Charles B. Pierce (1938–2010) was an American film director, screenwriter, producer, set decorator, cinematographer and actor, and is considered one of the first modern independent filmmakers. Pierce directed thirteen films over the span of 26 years, but is best known for his cult hits The Legend of Boggy Creek (1973) and The Town That Dreaded Sundown (1976).
An Arkansas resident most of his life, Pierce made his directorial debut with Boggy Creek, a faux documentary-style film inspired by the legend of the Bigfoot-like Fouke Monster. The low-budget film grossed roughly $25 million, and Pierce followed that success with several inexpensive, regional films set in the southern United States, including The Town That Dreaded Sundown, based on the true story of the Phantom Killer murders in Texarkana.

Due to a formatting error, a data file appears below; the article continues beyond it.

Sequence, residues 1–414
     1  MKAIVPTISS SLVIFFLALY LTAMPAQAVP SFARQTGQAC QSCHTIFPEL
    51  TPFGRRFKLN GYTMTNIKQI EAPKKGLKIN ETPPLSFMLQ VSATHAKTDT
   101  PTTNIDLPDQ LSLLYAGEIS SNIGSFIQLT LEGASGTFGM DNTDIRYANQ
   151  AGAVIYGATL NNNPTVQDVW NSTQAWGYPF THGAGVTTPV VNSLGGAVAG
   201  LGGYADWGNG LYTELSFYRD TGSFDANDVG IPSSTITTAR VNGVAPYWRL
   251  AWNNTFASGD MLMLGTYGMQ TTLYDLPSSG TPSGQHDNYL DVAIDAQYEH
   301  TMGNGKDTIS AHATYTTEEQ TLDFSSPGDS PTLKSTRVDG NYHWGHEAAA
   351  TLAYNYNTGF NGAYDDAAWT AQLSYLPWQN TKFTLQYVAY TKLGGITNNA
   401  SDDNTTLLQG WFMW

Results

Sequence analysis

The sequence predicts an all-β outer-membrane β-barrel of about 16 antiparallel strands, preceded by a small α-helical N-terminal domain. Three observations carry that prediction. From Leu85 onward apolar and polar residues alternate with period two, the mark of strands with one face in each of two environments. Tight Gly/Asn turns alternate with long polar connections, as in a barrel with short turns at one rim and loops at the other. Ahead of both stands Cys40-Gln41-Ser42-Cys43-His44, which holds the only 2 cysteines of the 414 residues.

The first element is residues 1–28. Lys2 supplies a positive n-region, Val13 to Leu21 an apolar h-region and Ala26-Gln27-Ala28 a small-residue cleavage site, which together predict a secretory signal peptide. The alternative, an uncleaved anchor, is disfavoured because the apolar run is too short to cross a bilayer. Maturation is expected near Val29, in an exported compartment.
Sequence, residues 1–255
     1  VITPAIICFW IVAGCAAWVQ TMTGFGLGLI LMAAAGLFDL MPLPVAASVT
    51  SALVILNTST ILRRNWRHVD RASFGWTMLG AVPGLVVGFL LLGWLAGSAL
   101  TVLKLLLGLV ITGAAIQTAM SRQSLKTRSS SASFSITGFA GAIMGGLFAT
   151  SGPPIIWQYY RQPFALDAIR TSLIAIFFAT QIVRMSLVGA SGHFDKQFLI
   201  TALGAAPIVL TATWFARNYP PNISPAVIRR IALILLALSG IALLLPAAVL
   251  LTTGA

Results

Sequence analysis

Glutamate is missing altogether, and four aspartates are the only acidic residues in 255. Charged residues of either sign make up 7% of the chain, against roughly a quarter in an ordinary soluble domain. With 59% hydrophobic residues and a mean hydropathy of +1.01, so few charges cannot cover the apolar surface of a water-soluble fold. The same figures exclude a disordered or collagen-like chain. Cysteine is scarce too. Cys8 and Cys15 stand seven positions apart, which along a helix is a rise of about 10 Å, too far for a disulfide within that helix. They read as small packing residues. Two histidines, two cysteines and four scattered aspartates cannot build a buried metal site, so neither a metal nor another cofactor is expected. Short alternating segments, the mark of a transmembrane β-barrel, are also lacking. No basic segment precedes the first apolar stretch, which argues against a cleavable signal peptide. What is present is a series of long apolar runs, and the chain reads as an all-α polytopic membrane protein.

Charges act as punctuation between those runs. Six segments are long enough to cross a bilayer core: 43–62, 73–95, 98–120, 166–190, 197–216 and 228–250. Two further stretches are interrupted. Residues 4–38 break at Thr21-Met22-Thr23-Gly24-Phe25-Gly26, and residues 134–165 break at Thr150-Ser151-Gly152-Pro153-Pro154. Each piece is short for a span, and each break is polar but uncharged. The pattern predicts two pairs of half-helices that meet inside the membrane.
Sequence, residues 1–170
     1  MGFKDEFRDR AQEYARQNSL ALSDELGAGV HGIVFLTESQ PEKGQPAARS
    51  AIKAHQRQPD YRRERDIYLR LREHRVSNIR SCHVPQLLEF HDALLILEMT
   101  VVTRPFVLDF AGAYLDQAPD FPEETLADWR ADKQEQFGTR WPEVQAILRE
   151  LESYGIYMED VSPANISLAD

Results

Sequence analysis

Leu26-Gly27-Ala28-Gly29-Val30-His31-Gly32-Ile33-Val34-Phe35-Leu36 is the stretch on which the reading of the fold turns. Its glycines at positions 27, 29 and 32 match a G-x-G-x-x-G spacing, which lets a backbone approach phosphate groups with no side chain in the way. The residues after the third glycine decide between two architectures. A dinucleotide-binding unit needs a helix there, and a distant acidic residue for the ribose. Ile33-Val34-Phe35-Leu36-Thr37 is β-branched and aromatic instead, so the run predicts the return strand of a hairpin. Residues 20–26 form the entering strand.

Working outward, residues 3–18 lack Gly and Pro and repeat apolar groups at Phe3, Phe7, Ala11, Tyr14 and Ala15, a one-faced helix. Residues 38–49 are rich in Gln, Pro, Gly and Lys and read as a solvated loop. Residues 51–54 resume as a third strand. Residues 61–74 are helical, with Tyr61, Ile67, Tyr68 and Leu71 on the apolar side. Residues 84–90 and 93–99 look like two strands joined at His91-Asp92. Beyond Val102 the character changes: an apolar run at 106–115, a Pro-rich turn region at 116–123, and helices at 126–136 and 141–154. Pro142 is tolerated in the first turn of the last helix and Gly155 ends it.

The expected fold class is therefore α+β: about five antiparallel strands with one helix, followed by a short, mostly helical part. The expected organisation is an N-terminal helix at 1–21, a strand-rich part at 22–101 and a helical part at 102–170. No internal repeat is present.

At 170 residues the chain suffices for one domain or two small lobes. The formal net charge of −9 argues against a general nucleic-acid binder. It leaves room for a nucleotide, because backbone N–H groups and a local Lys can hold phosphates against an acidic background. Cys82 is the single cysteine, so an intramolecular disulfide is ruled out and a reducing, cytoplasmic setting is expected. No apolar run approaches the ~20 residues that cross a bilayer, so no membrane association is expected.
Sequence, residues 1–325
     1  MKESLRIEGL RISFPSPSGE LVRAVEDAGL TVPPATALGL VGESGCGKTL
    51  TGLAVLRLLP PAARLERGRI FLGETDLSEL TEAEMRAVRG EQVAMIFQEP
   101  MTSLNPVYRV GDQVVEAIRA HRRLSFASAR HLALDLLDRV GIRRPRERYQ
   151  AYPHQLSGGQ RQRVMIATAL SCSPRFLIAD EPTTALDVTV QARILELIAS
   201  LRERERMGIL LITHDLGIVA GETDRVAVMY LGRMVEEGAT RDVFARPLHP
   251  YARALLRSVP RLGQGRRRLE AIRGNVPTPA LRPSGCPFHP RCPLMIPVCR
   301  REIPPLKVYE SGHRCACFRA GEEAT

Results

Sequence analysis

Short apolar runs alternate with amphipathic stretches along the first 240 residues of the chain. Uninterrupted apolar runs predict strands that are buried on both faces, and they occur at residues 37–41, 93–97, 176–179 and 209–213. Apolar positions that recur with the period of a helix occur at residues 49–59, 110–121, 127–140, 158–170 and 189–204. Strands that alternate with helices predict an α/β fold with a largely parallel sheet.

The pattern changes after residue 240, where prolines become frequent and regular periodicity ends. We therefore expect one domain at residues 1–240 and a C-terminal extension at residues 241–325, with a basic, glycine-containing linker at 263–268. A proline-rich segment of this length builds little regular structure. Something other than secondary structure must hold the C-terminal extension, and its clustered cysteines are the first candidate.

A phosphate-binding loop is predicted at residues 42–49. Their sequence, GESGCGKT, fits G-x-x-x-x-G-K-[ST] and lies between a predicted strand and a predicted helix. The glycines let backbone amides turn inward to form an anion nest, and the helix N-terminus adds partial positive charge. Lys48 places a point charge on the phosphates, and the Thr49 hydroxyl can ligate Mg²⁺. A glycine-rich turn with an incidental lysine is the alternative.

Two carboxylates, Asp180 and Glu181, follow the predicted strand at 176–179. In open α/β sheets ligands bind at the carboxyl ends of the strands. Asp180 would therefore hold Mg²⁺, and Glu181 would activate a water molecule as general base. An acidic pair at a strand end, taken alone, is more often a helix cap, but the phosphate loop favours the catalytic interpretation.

Pierce continued directing films into the 1980s, when he wrote the story for the Clint Eastwood film Sudden Impact. For that screenplay, he is said to have written the phrase, "Go ahead, make my day," which became one of the most famous movie quotes in history.
There is no known familial connection to fellow director Arthur C. Pierce.
- Boggy Creek II: and the Legend Continues… (Experiment #1006) - as Dr. Brian C. Lockhart, also director, writer, and producer